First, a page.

The phrase " crime involving moral turpitude" is not defined in the INA; instead, its contours have been shaped through interpretation and application by the Attorney General, the Board, and federal courts. It is " perhaps the quintessential example of an ambiguous phrase." Marmolejo-Campos v. Holder, 558 F.3d 903, 909 (9th Cir. 2009) (en banc); see also Michel v. INS, 206 F.3d 253, 263 (2d Cir. 2000) (" [N]othing in the statute or its legislative history informs our understanding of the term 'moral turpitude[]' . . . ." ). We have defined the concept only very generally as " reach[ing] conduct that is inherently wrong, or malum in se, rather than conduct deemed wrong only because of a statutory proscription, malum prohibitum." Efagene, 642 F.3d at 921; see also Wittgenstein v. INS, 124 F.3d 1244, 1246 (10th Cir. 1997) (" Moral turpitude refers 'to conduct which is inherently base, vile, or depraved, contrary to the accepted rules of morality . . . .'" (quoting Matter of Flores, 17 I. & N. Dec. 225, 227 (BIA 1980))). In light of the nebulousness of " moral turpitude," we defer to the BIA's interpretation of the term, as long as it reflects a " reasonable policy choice for the agency to make." Efagene, 642 F.3d at 921 (quoting Chevron, U.S.A., Inc. v. Nat. Res. Def. Council, Inc., 467 U.S. 837, 845, 104 S.Ct. 2778, 81 L.Ed.2d 694 (1984)); accord Rodas-Orellana, 780 F.3d at 990.

1

" [C]orrupt scienter is the touchstone of moral turpitude." Michel, 206 F.3d at 263. Here, the parties disagree over what the requisite scienter is for the receipt or possession of stolen goods to qualify as a crime involving moral turpitude. Mr. Obregon argues that there must be intent to permanently deprive, while the government claims that knowledge that the goods are stolen is sufficient.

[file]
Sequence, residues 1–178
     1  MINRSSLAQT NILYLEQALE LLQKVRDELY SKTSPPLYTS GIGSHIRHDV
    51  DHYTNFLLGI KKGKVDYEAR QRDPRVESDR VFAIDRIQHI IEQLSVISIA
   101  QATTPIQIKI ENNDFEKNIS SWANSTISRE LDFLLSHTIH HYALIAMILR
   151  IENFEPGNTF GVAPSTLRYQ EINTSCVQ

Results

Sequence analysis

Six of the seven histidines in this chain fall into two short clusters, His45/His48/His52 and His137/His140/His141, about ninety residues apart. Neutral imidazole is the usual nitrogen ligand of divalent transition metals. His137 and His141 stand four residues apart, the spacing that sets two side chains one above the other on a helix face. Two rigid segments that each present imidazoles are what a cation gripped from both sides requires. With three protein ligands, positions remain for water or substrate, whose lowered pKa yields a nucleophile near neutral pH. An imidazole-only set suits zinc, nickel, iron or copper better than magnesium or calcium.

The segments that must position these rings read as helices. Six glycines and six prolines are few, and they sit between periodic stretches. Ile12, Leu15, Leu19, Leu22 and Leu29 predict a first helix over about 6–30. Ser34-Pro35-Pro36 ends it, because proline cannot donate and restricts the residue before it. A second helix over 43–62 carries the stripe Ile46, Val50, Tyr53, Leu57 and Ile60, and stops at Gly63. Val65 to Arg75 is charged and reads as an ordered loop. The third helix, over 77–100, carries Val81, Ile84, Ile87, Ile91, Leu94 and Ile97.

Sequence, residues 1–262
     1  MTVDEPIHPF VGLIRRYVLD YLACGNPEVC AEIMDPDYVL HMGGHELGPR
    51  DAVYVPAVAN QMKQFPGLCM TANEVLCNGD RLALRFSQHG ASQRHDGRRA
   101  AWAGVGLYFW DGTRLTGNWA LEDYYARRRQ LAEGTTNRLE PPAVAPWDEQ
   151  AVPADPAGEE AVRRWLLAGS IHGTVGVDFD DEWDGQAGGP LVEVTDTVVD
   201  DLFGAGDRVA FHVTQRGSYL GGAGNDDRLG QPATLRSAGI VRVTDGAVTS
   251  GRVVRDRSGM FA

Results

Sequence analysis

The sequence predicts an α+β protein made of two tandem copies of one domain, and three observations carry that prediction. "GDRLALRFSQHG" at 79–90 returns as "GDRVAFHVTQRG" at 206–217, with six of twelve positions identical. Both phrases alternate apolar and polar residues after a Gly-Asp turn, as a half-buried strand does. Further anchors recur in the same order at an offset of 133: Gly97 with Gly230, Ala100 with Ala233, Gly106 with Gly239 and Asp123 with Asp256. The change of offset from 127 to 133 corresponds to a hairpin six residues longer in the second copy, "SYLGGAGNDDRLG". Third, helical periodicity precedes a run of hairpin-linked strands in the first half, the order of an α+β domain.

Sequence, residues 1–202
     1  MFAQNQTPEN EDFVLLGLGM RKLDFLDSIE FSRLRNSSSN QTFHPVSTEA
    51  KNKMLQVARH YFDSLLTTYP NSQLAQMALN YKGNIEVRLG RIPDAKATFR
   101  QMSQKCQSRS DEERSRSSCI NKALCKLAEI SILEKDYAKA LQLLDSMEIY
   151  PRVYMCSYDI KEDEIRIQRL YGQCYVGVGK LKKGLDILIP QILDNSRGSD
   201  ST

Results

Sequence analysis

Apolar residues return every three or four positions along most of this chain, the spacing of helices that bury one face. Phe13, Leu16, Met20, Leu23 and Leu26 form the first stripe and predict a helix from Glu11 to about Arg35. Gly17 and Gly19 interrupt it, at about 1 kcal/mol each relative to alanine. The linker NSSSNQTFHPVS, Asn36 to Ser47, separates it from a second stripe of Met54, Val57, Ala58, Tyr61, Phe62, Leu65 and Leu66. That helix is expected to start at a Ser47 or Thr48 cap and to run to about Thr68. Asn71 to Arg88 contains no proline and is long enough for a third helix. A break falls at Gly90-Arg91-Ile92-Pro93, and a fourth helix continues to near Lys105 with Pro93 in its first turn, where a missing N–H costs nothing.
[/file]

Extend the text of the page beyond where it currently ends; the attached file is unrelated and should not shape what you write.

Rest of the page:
BIA precedent on this question strongly suggests that receiving or possessing stolen goods, with knowledge that the goods are stolen, implicates moral turpitude. See, e.g., Matter of Salvail, 17 I. & N. Dec. 19, 20 (BIA 1979) (" Conviction under [a] statute [criminalizing possession of stolen goods] is a conviction for a crime involving moral turpitude, as it specifically requires knowledge of the stolen nature of the goods." ); Matter of Patel, 15 I. & N. Dec. 212, 213 (BIA 1975) (" The California statute involved here requires knowledge that the goods were stolen; therefore, it involves

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moral turpitude." ), overruled on other grounds by Matter of Castro, 19 I. & N. Dec. 692 (BIA 1988); Matter of Z__-, 7 I. & N. Dec. 253, 255-56 (BIA 1956) (holding that the crime under Connecticut law of " receiv[ing] and conceal[ing] any stolen goods or articles, knowing them to be stolen" involves moral turpitude). Indeed, on at least one occasion, the Board has found that a statute punishing " negligent receipt of [stolen] property" was not a crime involving moral turpitude because it punished more than the knowing receipt of stolen goods. Matter of K__-, 2 I. & N. Dec. 90, 91 (BIA 1944).

Although our court has not addressed this issue, many of our sister circuits have also reached the conclusion that...